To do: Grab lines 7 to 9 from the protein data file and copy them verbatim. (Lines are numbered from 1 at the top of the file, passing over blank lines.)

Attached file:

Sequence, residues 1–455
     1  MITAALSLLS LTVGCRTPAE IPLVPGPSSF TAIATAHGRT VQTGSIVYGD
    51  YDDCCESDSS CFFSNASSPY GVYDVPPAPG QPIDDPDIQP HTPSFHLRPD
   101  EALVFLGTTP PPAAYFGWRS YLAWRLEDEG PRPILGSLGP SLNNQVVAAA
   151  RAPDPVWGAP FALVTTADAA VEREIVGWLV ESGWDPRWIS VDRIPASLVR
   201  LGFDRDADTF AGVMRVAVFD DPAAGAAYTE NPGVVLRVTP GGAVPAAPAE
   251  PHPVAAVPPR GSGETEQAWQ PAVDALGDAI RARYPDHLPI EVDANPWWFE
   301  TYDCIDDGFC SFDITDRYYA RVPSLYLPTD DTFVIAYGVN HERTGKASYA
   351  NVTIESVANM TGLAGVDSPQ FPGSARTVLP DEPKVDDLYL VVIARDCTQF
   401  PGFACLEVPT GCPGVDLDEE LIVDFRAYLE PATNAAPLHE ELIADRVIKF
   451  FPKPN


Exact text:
   251  PHPVAAVPPR GSGETEQAWQ PAVDALGDAI RARYPDHLPI EVDANPWWFE
   301  TYDCIDDGFC SFDITDRYYA RVPSLYLPTD DTFVIAYGVN HERTGKASYA
   351  NVTIESVANM TGLAGVDSPQ FPGSARTVLP DEPKVDDLYL VVIARDCTQF